Sorry I haven't posted for so long but I was disempowered.
One of my charming, well-furred neighbours unplugged me.
Chacma baboon, Papio ursinus. Photo by Arno & Louise Meintjes.
An electricity cable that's been tugged from its socket by mischievous paws should be simple to fix, or so you'd think. Unfortunately, the furry culprit executed this fell deed at the very apex of the power-pole outside my house.
Handymen gathered from far and wide to stand and stare at the pole and shake their heads.
"No way to get up there."
"You need a trained monkey" someone quipped (grrr!).
So I've just had to wait - electricity-free - until a team of electricians could come out from town with their whizz-bang pole-climbing equipment (i.e. a VERY long ladder).
And let me tell you, the wait has not been pretty. I've no idea how people coped before the advent of electricity: thawing pet meat, sour milk, first-degree burns, candle wax dribbled everywhere, singed eyebrows (my camping stove is frighteningly unpredictable) and bruised limbs (from tripping over cats who refuse to believe they're invisible in candle-lit gloom).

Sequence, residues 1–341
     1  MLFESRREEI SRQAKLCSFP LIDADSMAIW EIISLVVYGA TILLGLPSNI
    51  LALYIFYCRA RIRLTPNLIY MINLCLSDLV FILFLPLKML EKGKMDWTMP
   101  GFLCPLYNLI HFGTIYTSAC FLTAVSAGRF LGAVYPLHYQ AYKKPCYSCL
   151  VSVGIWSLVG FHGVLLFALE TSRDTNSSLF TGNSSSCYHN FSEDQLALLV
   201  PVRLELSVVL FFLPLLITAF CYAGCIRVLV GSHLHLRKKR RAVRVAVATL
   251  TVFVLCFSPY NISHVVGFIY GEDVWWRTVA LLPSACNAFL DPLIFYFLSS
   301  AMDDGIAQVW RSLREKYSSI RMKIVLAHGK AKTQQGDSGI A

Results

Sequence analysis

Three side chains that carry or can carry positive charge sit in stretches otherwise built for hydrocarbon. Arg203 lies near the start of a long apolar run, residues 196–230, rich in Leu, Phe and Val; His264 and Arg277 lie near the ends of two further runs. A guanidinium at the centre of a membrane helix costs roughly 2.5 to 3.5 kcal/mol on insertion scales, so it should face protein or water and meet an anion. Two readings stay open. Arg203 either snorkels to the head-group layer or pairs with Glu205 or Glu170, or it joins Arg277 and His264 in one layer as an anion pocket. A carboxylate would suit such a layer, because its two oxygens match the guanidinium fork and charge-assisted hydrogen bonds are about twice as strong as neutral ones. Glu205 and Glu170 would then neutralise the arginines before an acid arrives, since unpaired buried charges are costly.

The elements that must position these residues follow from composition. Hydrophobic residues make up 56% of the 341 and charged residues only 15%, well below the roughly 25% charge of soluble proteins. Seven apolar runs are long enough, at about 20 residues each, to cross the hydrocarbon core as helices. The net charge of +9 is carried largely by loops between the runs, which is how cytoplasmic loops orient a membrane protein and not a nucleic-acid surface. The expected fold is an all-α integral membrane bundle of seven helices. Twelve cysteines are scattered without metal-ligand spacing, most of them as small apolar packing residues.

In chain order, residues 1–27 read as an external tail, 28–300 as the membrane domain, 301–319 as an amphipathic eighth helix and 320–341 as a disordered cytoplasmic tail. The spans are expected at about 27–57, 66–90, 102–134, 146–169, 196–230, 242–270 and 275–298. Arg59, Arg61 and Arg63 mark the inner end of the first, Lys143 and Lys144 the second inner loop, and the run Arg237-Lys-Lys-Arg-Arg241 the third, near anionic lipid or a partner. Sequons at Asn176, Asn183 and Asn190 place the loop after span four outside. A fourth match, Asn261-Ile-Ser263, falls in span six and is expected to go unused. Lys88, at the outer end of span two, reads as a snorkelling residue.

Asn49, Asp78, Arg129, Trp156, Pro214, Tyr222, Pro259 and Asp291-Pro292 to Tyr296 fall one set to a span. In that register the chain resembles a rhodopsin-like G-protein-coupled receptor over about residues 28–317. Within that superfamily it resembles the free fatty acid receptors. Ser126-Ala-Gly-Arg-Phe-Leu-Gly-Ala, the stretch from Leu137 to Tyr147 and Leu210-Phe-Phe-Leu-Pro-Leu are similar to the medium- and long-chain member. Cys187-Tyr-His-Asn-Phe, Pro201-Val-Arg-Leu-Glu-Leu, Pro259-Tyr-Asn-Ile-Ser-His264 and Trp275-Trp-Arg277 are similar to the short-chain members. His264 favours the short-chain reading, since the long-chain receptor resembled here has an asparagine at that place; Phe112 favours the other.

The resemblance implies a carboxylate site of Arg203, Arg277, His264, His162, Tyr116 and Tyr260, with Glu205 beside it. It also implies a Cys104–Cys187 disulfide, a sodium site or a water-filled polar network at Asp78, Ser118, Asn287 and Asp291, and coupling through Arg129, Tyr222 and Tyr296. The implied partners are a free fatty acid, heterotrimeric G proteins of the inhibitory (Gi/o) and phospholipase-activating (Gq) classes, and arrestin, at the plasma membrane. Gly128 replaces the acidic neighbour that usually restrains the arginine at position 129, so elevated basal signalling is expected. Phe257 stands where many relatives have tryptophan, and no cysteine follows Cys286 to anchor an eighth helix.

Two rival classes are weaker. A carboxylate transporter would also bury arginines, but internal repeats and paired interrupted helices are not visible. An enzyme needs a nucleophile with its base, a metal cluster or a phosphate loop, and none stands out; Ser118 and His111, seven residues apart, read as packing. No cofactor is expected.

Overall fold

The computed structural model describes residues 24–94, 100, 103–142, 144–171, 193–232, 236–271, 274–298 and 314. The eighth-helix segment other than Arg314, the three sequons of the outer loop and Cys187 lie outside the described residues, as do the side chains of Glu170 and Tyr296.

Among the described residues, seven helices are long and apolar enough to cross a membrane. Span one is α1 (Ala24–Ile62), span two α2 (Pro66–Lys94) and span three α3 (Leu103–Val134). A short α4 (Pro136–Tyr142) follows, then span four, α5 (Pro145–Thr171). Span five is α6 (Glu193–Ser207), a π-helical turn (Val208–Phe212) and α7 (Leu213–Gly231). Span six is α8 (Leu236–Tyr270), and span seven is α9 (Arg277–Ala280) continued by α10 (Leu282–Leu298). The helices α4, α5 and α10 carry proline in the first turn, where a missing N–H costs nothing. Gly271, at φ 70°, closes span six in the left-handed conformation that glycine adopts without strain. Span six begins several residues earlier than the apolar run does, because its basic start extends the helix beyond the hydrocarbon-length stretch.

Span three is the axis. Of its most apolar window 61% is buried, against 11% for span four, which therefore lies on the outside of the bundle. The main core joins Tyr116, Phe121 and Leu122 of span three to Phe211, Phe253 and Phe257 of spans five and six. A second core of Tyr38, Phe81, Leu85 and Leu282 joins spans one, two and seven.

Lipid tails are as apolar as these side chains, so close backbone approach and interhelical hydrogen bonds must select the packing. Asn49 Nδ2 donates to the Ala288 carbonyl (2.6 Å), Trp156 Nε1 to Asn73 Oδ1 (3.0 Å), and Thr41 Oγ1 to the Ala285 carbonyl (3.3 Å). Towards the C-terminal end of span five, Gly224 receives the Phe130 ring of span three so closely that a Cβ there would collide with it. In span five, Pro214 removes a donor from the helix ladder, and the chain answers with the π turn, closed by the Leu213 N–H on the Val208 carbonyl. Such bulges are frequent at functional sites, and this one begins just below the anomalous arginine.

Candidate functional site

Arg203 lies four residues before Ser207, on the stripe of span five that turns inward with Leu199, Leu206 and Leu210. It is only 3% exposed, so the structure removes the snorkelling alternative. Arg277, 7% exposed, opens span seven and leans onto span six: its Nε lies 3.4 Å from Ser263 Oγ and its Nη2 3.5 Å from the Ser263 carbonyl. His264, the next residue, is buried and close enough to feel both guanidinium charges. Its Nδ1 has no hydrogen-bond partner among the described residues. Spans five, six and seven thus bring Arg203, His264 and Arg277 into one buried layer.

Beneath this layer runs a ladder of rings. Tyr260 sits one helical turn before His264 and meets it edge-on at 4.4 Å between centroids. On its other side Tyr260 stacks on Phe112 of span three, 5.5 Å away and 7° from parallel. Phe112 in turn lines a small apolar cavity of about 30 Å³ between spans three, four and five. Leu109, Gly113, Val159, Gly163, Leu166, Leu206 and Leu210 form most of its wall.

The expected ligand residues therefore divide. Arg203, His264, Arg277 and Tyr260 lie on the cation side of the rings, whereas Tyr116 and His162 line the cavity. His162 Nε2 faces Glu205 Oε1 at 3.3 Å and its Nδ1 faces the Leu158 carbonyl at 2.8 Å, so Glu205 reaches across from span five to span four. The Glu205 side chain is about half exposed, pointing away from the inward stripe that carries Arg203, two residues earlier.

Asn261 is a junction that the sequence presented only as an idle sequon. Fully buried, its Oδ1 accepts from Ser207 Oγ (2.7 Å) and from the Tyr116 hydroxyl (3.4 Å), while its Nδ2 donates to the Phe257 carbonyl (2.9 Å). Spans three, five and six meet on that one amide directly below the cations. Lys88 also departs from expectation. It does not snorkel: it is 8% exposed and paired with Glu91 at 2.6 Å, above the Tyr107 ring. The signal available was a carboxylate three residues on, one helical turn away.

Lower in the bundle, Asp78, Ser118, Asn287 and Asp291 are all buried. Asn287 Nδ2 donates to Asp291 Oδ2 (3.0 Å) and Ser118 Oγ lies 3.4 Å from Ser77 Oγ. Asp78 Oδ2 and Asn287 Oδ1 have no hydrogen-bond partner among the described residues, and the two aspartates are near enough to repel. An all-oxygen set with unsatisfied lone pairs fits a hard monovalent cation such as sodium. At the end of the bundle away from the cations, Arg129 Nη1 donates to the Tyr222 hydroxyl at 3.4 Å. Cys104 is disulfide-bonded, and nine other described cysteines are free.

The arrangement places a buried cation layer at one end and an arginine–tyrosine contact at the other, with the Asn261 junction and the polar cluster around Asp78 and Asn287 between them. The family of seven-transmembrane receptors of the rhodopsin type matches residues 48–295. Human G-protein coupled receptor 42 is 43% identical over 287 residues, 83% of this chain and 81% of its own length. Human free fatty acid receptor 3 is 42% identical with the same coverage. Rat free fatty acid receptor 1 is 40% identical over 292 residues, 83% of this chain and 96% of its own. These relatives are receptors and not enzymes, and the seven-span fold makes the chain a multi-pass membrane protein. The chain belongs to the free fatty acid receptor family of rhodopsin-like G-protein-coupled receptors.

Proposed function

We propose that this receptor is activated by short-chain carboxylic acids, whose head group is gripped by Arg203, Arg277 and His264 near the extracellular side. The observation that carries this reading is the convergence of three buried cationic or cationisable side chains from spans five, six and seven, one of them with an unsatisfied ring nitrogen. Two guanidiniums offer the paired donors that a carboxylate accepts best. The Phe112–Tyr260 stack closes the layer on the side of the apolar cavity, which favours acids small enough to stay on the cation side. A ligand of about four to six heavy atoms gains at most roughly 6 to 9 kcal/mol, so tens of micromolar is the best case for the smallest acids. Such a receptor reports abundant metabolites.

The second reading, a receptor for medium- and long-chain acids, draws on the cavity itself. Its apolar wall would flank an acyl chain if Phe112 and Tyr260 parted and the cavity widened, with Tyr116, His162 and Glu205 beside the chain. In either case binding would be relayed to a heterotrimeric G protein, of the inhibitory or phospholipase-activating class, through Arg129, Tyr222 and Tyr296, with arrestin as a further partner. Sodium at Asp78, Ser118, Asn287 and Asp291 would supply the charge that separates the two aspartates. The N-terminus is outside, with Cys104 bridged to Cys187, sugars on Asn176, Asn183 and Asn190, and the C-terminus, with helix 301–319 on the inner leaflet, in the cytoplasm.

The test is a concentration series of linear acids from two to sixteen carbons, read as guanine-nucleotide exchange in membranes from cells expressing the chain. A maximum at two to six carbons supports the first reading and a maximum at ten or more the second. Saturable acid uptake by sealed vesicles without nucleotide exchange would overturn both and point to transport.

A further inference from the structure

Still, I do enjoy having the baboons around, and they're normally well-behaved. We did have a couple of tense weeks when I first moved in. The baboons lounged on the garden fence taunting my madly barking dogs, and every now and again a swaggering adolescent male would leap down and dash across the yard; dogs in frenzied pursuit. I didn't witness the denouement of this saga (thankfully), but I suspect it was painful for both parties: the baboons now stay well clear of the fence and my dogs pointedly ignore them, refusing to chase any baboon, even when we're out walking.
Of course I know baboons can be problematic. The youngsters love to play on roofs for example. On my iron shed roof, they beat out a rackety tattoo as they leap and wrestle, but on my landlord's roof of thatch, they clasp fistfuls of straw as they race up and down the steep pitch, tearing out great tufts of roofing as they go.
Still, others have it worse.
|Hmm, I've never driven an automatic before... Photo by Tim Ellis.|
The driver of this car pulled over to photograph the view on the scenic drive to Cape Point (the peninsula south of Cape Town). Unfortunately, the car doors weren't locked, and the baboon opened a rear door and hopped in. This photograph was taken after the driver and passenger had fled out the front doors, leaving their car to the baboon.